Bipartisan initiative for democratic resilience and renewal


Resilient democratic institutions, such as an independent judiciary and a functioning system of checks and balances within political systems, are critical for the successful control of public-sector corruption, writes Patricia Moreira, Managing Director of Transparency International’s International Secretariat.

“If we compare the results of our 2018 Corruption Perceptions Index (CPI) with measures of the quality of democracy, we see that countries with healthier democracies have public sectors that are less corrupt,” she notes. “Looking at the Economist Intelligence Unit’s Democracy Index, for example, we see that not a single ‘full democracy’ scores below the halfway point in the CPI.”

The defense and renewal of democratic institutions is the focus of a bipartisan initiative in one of the world’s leading democracies.

In an email to all federal politicians, Australian Labor senator Kimberley Kitching and Liberal MP Andrew Hastie invited MPs to join a bipartisan group called the “Parliamentary Friends of Democracy” to promote democracy, the rule of law and freedom. It will advocate against foreign interference in Australian institutions and address the declining satisfaction voters have with the democratic system, The Australian reports.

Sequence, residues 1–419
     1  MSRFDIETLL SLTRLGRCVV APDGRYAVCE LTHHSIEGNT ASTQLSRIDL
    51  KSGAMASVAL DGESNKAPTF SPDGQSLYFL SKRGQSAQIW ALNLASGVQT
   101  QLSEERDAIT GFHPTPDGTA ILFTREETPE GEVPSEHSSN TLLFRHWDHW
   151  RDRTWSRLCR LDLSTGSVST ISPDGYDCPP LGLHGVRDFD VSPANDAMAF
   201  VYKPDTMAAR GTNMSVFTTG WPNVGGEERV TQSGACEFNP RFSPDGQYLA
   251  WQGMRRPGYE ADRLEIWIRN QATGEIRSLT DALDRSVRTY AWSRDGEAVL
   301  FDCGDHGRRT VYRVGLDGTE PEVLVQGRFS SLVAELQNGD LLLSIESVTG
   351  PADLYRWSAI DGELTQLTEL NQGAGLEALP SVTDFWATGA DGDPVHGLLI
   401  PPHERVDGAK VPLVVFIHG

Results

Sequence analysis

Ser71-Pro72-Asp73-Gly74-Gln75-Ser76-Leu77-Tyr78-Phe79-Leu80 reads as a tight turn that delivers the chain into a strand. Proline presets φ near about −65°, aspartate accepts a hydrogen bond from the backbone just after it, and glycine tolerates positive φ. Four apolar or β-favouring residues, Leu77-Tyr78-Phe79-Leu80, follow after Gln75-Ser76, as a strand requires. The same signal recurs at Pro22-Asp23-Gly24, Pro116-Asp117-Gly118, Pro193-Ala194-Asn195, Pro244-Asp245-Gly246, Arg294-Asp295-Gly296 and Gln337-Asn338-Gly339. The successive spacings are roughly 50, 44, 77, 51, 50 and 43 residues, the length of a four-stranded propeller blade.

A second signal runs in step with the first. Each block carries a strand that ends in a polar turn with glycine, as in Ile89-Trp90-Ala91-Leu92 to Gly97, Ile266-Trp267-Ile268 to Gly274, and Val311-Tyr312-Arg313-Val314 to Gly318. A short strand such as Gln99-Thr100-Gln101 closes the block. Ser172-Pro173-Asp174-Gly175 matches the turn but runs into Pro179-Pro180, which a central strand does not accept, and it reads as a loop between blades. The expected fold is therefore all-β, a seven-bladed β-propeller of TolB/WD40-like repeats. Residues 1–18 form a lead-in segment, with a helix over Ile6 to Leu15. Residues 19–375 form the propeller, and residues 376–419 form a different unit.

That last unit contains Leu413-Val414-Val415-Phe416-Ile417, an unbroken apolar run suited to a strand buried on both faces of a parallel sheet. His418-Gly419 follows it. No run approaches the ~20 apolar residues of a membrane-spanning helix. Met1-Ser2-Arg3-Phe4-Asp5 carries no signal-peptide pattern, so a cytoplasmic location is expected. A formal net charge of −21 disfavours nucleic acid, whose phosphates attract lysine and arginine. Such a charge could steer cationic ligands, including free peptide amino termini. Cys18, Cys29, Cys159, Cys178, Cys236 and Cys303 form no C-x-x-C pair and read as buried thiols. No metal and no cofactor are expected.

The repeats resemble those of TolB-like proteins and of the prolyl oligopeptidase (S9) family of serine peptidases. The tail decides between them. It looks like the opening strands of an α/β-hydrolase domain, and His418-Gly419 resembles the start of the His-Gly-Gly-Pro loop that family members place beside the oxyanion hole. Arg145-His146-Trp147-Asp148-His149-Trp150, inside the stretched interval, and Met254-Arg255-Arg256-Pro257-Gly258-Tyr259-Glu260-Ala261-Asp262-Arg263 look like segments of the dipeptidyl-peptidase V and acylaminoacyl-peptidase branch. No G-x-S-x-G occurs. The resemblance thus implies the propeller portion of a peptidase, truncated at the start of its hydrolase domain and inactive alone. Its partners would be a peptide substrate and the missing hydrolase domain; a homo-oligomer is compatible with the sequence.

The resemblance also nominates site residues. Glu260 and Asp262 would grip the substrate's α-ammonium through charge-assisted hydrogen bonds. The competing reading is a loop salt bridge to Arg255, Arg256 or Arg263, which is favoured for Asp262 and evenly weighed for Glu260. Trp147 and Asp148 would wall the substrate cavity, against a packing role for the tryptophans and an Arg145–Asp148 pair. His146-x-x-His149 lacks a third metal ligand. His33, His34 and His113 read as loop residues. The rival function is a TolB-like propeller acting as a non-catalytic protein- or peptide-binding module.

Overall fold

“Twenty-five years ago, as the Berlin Wall fell and the Soviet Union collapsed, some proclaimed the End of History with the ascendancy of liberal democracy,” the email to MPs said. “Today that optimism appears misplaced, even naive. Democratic institutions are under increasing pressure around the globe from volatile cultural, economic and political forces.”

“We have witnessed the resurgence and rise of authoritarian regimes that use coercive means to pursue their strategic objectives. The rules-based inter­national order is frayed. Many democracies are experiencing internal crises of trust,” it added.

Democracies’ profound crisis of confidence has three fundamental causes, National Endowment for Democracy President Carl Gershman told the 27th Estoril Political Forum:

  • 21st Forum 2000 Conference

    The first is that democratic leaders and liberal intellectuals have been demoralized and disoriented by the rise of populist and nationalist movements in reaction to the erosion of traditional religious, communal, and cultural norms and institutions. …

  • A second cause is the bias against the nation-state by global elites whose thinking dominates global institutions and intellectual debate.  According to economist Dani Rodrik, their globalist mindset alienates ordinary citizens and is also analytically mistaken, since the critical economic decisions that affect their well-being are taken at the domestic and not the international level.  He calls the nation-state “the foundation of the capitalist order” and worries that the globalist mindset that weakens it will open “political paths for Right-wing populists to hijack patriotism for destructive ends.”
  • The third cause of this crisis is the way the rise of social media has affected politics in democratic societies….RTWT
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